In Their Own Words: IAC Mishelanu, Part 3

The Israeli American Council’s Mishelanu program (IAC Mishelanu) provides a unique venue for Israeli-American students to explore their distinct identity and build community among others with the same background. The program has experienced 100% growth since last year — doubling its number of participants and establishing a presence on 94 college campuses in 14 states. In honor of the 2nd Annual IAC Mishelanu National Conference, taking place at the end of this month, my February blogs will focus on this program. Below, I share some brief thoughts from four college students, written while participating in IAC Mishelanu’s Onward Israel program.

A “Sabra” through and through?

By Tamar Barlev, UC Santa Barbara

It’s been two weeks since we arrived in the homeland. The sun is as bright as ever, the skies are as clear as can be. I’m currently sprawled atop a couch on a roof. God knows where this thing has been or what it has seen—this and the rest of what furnishes the apartment. I’m sitting on the roof, alone. It’s quiet, aside from the birds in chorus, singing with the dusk.

So far, I’ve met some incredible people and reunited with some incredible hummus. I saw my sister for the first time in a year, settled into my internship, and attempted and failed at using public transportation every day thus far. It’s my first time in Israel with a program – not just family – and it’s making me feel whole in an entirely new way. IAC Mishelanu’s Onward Israel program is perfect for me.

My family moved to America when I was five years old, and I’ve turned out either too American or too Israeli depending on whom you ask. I know that real life in Israel is not just waking up and writing on the beach or reading at the Lechem Erez on Ben Yehuda. Real life in Israel, for me, is observing and dealing with my American identity and Israeli identity, the merging of the two, and the way they manifest themselves here.

In the two weeks I’ve been here I haven’t made a lot of progress… but I’ve learned to let go of so rigidly holding on to the idea I’m Sabra through and through—I’m not. I think that I never wanted to attribute part of myself to American culture before, as if it’s bad to be partially American. It’s not. It’s just another culture, and one to which I’m sure I don’t completely belong. But there’s a bit of it in me and by internally assuming one culture is inferior to the other, I’m saying one part of me is inferior to the other. And that’s stupid and ridiculous and also, just, you know, confusing. So there’s that.

I don’t want to make it seem like all I’ve been doing is sitting here on this slightly ant-filled roof and thinking about my culture identity, because that’s absolutely false. I’ve been thinking about it everywhere – between going to the beach and going out and seeing family and sitting on the roof with everyone until the wee hours of the night, singing along to “Golden Boy.”

It’s only been two weeks since we’ve arrived in the homeland. I’m sure I’ll learn more as I go.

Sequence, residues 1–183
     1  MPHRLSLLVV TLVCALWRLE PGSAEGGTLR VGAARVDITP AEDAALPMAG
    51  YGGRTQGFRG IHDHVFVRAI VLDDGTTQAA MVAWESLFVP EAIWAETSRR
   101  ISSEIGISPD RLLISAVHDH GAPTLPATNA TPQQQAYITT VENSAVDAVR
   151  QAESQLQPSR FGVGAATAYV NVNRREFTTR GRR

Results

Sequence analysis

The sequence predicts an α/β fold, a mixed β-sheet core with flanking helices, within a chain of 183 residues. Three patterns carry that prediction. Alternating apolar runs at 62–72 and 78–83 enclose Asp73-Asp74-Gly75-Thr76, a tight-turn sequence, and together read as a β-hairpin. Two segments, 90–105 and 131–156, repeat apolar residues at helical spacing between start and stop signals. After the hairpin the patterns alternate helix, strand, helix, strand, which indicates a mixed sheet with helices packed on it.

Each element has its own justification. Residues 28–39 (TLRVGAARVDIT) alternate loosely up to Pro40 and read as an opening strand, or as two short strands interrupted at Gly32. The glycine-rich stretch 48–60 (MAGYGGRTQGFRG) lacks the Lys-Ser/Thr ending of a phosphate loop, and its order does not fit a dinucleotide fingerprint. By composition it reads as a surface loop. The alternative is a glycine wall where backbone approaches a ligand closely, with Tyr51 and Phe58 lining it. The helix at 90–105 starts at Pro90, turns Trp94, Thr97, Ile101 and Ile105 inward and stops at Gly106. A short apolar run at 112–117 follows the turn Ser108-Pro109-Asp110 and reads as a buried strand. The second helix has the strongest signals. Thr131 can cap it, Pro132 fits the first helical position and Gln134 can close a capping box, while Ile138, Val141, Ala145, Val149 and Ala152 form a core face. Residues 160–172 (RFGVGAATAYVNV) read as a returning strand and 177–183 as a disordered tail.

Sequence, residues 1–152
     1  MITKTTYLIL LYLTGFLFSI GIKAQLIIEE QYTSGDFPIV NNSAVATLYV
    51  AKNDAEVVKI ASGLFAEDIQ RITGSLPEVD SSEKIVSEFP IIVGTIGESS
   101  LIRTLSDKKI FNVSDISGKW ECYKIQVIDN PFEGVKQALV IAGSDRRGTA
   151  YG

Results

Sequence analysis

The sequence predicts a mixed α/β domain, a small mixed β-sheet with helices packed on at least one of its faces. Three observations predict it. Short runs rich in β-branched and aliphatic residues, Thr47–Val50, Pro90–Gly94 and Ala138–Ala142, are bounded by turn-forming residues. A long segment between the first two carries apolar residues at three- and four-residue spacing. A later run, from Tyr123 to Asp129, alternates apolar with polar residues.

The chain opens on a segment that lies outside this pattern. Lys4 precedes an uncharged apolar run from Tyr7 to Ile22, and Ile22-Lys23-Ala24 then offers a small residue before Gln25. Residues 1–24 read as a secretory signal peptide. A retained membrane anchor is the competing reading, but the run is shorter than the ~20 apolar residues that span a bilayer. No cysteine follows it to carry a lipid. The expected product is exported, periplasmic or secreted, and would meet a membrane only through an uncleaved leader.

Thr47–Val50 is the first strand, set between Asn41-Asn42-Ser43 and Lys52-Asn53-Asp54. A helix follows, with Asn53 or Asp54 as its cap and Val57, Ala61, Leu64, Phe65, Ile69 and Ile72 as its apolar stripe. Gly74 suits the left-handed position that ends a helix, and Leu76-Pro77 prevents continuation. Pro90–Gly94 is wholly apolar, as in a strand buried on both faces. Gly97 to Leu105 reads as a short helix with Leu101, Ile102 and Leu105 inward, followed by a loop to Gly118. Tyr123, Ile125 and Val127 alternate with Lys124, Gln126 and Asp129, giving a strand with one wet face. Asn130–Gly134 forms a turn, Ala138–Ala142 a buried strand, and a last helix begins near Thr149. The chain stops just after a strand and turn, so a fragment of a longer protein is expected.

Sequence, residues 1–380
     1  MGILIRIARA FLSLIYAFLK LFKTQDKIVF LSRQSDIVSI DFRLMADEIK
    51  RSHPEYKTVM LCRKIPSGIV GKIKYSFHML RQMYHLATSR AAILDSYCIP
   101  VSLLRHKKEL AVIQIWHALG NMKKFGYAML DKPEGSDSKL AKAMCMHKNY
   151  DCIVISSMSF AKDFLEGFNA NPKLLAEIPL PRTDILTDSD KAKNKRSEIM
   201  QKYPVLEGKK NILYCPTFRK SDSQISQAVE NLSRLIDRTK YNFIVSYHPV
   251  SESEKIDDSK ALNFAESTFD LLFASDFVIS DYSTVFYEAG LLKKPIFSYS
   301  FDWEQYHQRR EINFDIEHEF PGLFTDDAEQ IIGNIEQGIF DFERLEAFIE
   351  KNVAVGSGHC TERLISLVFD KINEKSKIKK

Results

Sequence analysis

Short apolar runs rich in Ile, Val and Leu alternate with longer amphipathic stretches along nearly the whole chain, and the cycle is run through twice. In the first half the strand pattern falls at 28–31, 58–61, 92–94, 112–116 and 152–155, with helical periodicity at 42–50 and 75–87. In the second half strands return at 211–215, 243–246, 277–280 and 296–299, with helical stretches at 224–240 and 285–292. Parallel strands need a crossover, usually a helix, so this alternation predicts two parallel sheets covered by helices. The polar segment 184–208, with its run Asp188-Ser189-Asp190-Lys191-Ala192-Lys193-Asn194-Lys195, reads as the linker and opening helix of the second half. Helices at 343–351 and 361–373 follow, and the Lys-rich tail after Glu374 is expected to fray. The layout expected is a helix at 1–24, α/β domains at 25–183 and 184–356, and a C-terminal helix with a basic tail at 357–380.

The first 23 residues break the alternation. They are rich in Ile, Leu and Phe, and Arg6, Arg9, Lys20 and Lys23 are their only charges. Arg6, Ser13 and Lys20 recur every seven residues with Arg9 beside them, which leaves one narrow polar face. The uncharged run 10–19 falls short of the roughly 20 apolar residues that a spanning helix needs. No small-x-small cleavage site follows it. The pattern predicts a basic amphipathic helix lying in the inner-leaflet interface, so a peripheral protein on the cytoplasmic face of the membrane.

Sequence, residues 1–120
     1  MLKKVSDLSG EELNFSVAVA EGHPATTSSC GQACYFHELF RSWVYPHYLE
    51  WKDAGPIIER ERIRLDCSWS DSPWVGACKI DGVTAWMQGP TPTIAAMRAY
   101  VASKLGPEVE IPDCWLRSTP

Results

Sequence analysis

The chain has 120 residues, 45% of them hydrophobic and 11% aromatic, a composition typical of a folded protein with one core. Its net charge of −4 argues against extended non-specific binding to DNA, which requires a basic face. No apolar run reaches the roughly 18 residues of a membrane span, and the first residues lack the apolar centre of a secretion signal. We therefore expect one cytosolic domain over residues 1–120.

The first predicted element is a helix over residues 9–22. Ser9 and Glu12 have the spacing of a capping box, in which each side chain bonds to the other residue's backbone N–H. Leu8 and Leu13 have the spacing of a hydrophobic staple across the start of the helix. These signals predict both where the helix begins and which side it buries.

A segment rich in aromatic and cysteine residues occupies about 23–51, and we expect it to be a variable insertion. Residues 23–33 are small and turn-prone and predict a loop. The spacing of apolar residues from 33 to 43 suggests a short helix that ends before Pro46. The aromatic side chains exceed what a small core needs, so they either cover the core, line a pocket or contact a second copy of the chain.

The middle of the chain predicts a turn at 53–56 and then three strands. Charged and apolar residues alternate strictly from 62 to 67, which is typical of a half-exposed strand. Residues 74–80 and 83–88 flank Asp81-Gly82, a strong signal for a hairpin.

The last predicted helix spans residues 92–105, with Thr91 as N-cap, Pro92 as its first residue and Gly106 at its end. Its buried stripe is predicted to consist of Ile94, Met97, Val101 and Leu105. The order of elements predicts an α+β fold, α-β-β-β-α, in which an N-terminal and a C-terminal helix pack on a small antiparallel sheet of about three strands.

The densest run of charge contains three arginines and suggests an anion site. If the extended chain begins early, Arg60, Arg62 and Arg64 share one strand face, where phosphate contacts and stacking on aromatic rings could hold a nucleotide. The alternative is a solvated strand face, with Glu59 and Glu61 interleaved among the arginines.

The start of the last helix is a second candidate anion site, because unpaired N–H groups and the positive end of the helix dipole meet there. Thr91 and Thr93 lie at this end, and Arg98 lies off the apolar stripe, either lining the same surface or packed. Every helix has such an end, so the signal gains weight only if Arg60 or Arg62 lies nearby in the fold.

The right path in my life

Keren Erlich, SFSU

Going into this program, I had no idea what I would be getting, in terms of both work and friends. To make a long story short, I was not disappointed… everything was miles beyond my expectations!

At work I gained experiences in the lab that I would have never dreamed of having for many, many years. I am so grateful for that.

Now let’s talk about the squad… The people I met on the IAC Mishelanu Onward Israel trip are some of the most intelligent, amazing, incredible people that I could ever have had the pleasure of knowing. I’m so blessed to have new friends that I am sure I will keep for a long while and I’m so happy that I got to strengthen existing friendships that I already had coming into this program. The squad is like my family and I couldn’t imagine being here with anyone else but them.

All in all, IAC Mishelanu’s Onward Israel trip helped me to see that I’m on the right path in my life, and I also got to find amazing people who will support me along the way.

No escaping the heat unless you sleep on the AC unit

Yarden Zer Zion, Ohio State

It has been a few weeks since I arrived in Israel and started my internship. I have grown to realize that while I do miss everyone from home, and my home itself, I also now know that I will never miss or love anyone as much as I love my dog. Kidding.

This IAC Mishelanu Onward Israel trip has reminded me of the many good things in Israel – the fact that people are encouraged to be passionate, and discouraged from being indifferent, and that friendships are quickly forged and last a long time. After spending time with my extended family here, I feel more connected to them now than I have the past 10 years of living abroad. I am truly enjoying my time here, and am excited to see what else the summer will bring!

Also, I was serious about the dog.

One Giant Family

By Ariel Shitrit, Baruch College

Being away from home is not something I am used to, but after just a few hours, the whole group felt like a giant family – something I believe is unique about Israelis. We were all speaking to each other as if we’d been friends for years, cooking family meals and hanging out all night. We are about halfway through with the trip, and honestly I think I speak for everyone when I say we don’t want to leave.

To learn more about IAC Mishelanu please visit www.IAC To learn more about its National Conference, taking place this year from Feb. 26-28 in Los Angeles, please visit http://IAC

About the Author
Shoham Nicolet is the Founding Chief Executive Officer of the Israeli-American Council (IAC), the fastest-growing Jewish organization in the United States.